#5 – Broken Systems. Many churches function as if they’ve arrived, as if they don’t need anything else, as if they’ve gotten all of God there is to get. They go through the motions week-after-week and settle with the mundane task of circling the wagons. Reality is no congregation has arrived at a place where they don’t need to expand their efforts to reach more people and become more effective. It’s an ongoing process.
One of the main reasons churches are stuck is because their systems and strategies are broken. Churches continue to use the same systems, yet hope for different results. The only way to get different results is to employ different systems. Unfortunately, many churches (and denominations) would rather stay stuck and eventually die than apply changes that might make people (including leaders) feel uncomfortable. We need to continually work on our systems and strategies. Ministry is a process that’s always changing, not a product that we eventually complete. Are there any symptoms that might indicate your church is stuck? Be honest.
#4 – Personal Preference. It’s not about you. Unfortunately most people believe it is about them. From music, to carpet color, to assigned seating… Beware of the ‘me-monster.’ I’ve preached in a lot of churches over the years and it’s amazing how many look like a time-warp from 1950. These congregations are stuck with an infrastructure that was developed in the 50s and 60s. As congregations dwindle, it gets more difficult to keep ministry vibrant when there hasn’t been an intentional attempt to reach out to younger generations.
At my last pastorate one of the patriarchal leaders said, “There comes a time when I have to relinquish my personal preferences and allow the next generation to take the wheel.” At my current congregation the story is told of the church moving to a new location. During a worship service several senior members were sitting near the front singing new praise choruses. They turned to a visitor and said, “Isn’t this great.” He said, “So, you really like the new music, huh?” They responded, “No, we don’t care for the music, but we love all the new people.” Point made: It’s not about you. Personal preference is choking the power out of the church. It’s time to give it away.
#3 – New is Evil. If new is evil, you’d still be a sinner with no hope. We serve a God who makes all things new (2 Cor. 5:17). The Bible is a story of God continually doing new things. So why do so many churches get stuck with a “new-is-evil” mentality? The church with this mindset sees everything not contained inside the walls of the institution as ungodly. It becomes a subtle form of fundamentalism and creates and ‘us-vs-them’ mindset.
This approach causes members to focus more on memorials than people. When I enter a church that has memorial plaques covering walls and furniture, I immediately recognize that this is a congregation who places a larger emphasis on the past than they do the future. It reminds me of the Israelites wandering in the wilderness. God led them with a cloud by day and a pillar of fire by night. When God moved, they packed up or got left behind. Unfortunately, for many congregations the Shekinah glory has moved on, yet they’ve remained in the wilderness. They celebrate the good ol’ days while failing to recognize that today is the day of the Lord. Don’t get left behind. Embrace the new things that God is doing.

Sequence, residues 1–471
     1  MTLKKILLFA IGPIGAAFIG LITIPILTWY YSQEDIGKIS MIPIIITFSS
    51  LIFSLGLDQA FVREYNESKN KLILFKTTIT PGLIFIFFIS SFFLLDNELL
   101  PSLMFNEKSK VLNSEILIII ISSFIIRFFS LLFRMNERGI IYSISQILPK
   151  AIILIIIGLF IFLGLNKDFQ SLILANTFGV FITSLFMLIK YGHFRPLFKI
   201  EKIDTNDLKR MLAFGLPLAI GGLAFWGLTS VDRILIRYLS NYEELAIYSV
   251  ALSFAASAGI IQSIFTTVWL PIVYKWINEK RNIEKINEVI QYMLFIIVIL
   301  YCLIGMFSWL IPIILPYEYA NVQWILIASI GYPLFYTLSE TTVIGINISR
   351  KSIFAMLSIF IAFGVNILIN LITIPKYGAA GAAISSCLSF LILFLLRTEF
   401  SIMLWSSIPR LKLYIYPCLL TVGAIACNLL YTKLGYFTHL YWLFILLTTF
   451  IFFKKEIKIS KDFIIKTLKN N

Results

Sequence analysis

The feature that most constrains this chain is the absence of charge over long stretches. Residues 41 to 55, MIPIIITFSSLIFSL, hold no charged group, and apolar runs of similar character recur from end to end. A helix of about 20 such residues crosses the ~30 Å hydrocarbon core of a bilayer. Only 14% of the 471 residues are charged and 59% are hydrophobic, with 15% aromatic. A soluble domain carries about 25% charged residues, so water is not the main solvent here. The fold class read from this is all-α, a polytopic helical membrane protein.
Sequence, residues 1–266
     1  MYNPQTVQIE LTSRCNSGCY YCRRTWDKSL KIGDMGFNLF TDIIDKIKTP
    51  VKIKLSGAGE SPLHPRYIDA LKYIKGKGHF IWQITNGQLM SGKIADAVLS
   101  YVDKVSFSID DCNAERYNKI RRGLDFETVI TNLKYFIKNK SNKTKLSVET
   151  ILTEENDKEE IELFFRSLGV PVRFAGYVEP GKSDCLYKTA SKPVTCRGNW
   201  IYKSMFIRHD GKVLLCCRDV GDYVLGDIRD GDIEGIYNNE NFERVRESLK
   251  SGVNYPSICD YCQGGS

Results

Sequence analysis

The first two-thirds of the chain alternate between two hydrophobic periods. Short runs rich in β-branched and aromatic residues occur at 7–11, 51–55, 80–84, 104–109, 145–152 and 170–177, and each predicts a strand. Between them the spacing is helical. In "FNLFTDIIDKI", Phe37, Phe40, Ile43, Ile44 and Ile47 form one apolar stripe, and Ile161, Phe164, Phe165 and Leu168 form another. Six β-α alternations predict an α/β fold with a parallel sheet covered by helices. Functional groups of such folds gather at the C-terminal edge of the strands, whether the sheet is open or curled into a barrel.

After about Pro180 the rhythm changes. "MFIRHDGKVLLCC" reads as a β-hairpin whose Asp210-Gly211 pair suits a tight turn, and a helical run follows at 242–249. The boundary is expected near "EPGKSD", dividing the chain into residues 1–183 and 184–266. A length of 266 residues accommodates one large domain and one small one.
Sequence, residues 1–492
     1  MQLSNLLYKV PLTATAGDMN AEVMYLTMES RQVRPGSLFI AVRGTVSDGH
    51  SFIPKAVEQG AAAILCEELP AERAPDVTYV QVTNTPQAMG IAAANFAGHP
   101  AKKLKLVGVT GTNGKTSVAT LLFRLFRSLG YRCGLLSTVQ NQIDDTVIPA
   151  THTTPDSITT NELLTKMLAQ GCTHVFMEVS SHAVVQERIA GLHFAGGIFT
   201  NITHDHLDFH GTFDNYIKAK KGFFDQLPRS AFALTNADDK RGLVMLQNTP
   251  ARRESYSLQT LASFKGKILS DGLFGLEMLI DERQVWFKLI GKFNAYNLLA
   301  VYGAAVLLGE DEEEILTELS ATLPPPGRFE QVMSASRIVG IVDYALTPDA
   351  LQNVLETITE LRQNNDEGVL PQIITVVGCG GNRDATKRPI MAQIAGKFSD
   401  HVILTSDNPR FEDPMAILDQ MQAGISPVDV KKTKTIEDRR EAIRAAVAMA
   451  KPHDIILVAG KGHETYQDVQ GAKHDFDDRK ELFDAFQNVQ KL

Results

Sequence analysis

#2 – Cloning Process. When a church refuses to engage the community, which includes accepting people where they are in life, it begins to die. When I was a teenager I always tried to bring friends to church with me. One of my friends had blue hair and gauge earrings; another had really long hair and tattoos. Both of these friends are now dead, and the church I grew up in did a terrible job reaching them for Christ (by the way, that church is now closed). As a matter a fact, I don’t recall any effort on behalf of the church to reach them in any way. These guys came to church with me on many occasions. Yet, most of the time they expressed how uncomfortable they were while there. This is too often reality. It’s sad.
Once, I read a book that had a picture inside of “the model church member.” It was a man in a suit and tie standing on a pedestal with a Bible tucked under his arm: his hair was perfect, his family was perfect, and his smile was perfect. Many churches seem to develop the notion that we must clone our members. In other words, everyone needs to look and act alike; uniformity is the goal. Where did we ever come up with that idea? Certainly not in the Bible. We must diversify our thinking if we are going to make disciples of all people.
#1 – No Vision. “Where there is no vision people perish…” or as The Message states, “If people can’t see what God is doing, they stumble all over themselves; but when they attend to what he reveals, they are most blessed” (Proverbs 29:18). In other words, if a congregation is not continually identifying what God is revealing, they will die. It’s a simple idea, but an important one.
Where there is no guiding vision, no sense of true north, no sense of where you are going, what you should be doing, the direction you need to take, no real leading of God, then you have nothing keeping you on course. When that happens, people cast off restraint. Anything goes. Time is spent without direction, and without discretion. They don’t make the most of every opportunity. They spend their days, but they don’t invest them. We need vision, but not just any vision. We need God’s vision because “with God all things are possible” (Matt 19:26, NIV).
(Sources: Unstuck Church by Tony Morgan; James Emory White of Church & Culture)